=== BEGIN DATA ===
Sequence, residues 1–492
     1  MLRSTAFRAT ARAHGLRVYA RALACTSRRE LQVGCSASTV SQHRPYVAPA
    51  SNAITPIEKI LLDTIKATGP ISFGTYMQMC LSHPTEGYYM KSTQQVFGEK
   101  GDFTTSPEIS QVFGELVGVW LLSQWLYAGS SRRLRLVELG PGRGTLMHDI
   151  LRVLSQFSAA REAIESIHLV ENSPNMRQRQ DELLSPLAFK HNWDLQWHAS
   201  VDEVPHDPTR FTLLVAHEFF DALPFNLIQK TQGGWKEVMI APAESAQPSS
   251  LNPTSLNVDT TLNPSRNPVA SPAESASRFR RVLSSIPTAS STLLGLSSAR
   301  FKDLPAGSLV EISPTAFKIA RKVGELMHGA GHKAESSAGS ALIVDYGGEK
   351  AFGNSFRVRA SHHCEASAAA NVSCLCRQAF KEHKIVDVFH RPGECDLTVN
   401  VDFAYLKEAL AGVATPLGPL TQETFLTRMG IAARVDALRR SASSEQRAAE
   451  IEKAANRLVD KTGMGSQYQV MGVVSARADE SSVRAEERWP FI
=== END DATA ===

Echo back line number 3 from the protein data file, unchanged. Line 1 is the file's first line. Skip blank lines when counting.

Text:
    51  SNAITPIEKI LLDTIKATGP ISFGTYMQMC LSHPTEGYYM KSTQQVFGEK